Music

Pot, Skinny-Dipping, and Freedom Rock: Woodstock and the Year of the Outdoor Music Festival (Part 2)

Rob Kirkpatrick

PopMatters presents the second part of a chapter on Woodstock from Kirkpatrick's recent book 1969: The Year Everything Changed. Part two covers Woodstock appearances by the Who, the Band, Jimi Hendrix and more.


1969: The Year Everything Changed

Publisher: Skyhorse Publishing
Price: $24.95
Author: Rob Kirkpatrick
Length: 320 pages
Format: Hardcover
Publication date: 2009-01
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Excerpted from 1969: The Year Everything Changed (Skyhorse Publishing, 2009), which is available now as part of the Barnes and Noble “Woodstock 40th Anniversary” promotion.

Part 1 of chapter

It was well into the early-morning hours, and out came Sylvester Stewart, aka, Sly Stone, the high priest of rock and funk in 1969. Sly and the Family Stone’s album Stand!, released in May, became the soundtrack for the summer of ’69 in the nation’s steamy urban areas. “Stand!,” “Dance to the Music,” and “Everyday People” were catchy pop songs that seethed with underlying urban unrest. Just two weeks earlier, the group had incited a near riot at the Atlantic City festival, and at Woodstock, in an eight-song joint: “M’Lady,” “Sing a Simple Song,” “You Can Make It If You Try,” “Stand!,” “Love City,” “Dance to the Music,” “Music Lover,” and the euphoric climax of “I Want to Take You Higher,” Sly had the concertgoers yelling “Higher” with as much soul as was ever found in the Catskill woods. Miles Marshall Lewis writes, “Sly provided one of the undeniable highlights of the star-studded show; the band is historically credited for waking up the massive, lagging crowd.” On a bill that had already featured Canned Heat, CCR, Janis, and the Dead, Rolling Stone said that, “Sly and the Family Stone, apart in their grandeur, won the battle, carrying to their own majestically freaked-out stratosphere.”

And then came The Who. In a year of musical firsts, 1969 had seen the release of The Who’s Tommy, the first “rock opera”—not an opera, really, but more simply a concept album intended for live performance in its entirety. The story of Tommy is, depending on one’s perspective, inventive and genre-expanding or pretentious and silly, or all of these. Tommy is a boy rendered deaf, dumb, and blind after witnessing his long-lost father murder his wife’s lover. Tommy achieves fame as a pinball player, becomes the head of a religious cult, is abandoned by his disciples, but ultimately achieves enlightenment. The recorded version—released as double album—begins with an “Overture” with rock drums and guitar mixed with French horns and other classic instrumentation, and includes hits like “Pinball Wizard,” “I’m Free,” and “See Me, Feel Me.”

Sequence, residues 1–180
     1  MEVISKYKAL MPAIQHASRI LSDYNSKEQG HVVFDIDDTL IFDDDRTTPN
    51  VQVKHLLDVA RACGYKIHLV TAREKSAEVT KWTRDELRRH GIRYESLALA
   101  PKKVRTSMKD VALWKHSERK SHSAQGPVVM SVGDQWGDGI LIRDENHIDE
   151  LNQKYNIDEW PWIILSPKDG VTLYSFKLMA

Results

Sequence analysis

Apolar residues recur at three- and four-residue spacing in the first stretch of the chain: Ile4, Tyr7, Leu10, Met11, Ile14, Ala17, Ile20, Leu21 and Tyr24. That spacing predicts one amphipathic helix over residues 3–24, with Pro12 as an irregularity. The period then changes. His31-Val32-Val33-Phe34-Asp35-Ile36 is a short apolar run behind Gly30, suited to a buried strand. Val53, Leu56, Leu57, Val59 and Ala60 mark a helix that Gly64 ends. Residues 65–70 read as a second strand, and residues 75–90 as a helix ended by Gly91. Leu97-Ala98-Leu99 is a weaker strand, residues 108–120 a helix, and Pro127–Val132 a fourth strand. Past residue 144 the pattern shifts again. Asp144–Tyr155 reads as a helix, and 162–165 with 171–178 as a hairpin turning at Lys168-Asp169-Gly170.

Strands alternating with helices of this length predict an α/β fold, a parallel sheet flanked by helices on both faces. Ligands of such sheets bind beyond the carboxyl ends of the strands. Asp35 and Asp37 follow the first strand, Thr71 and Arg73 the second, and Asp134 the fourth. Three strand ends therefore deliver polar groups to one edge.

Tommy had been a pet project of Pete Townshend’s for years, an extended concept that followed in the footsteps of the band’s nine-minute suite, “A Quick One While He’s Away,” from the band’s 1966 record. The Who released the album in May and gave its debut American performance at Detroit’s Grande Ballroom that month. A month before Woodstock, Rolling Stone’s Rick Sanders and David Dalton rushed to find significance in Tommy: “And now we have a double album set that’s probably the most important milestone in pop since Beatlemania. For the first time, a rock group has come up with a full-length cohesive work that could be compared to the classics.”

Summed up Townshend: “It’s about life.”

Performed live at Woodstock, Tommy was pure spectacle. After opening with “Heaven and Hell” and “I Can’t Explain,” the band performed Tommy in its entirety, culminating in the final climax of “We’re Not Gonna Take It (See Me, Feel Me).” With Roger Daltrey in a fringed leather jacket and pre-Godspell curly locks belting out vocals, Pete Townshend jumping about in a white jumpsuit and displaying his windmill guitar assault, Keith Moon delivering his proto-heavy metal attack on drums, and John Entwistle calmly laying down a powerful bass line, The Who showed itself to be cohering like never before, moving from mid-sixties mod-pop to late-sixties progressive rock. At Monterey in 1967, Pete Townshend and Jimi Hendrix had feuded over which band was going to follow which, and history would say Hendrix had won the battle of pyrotechnics that day. But at Woodstock it was The Who that delivered perhaps the most entertaining performance of the festival.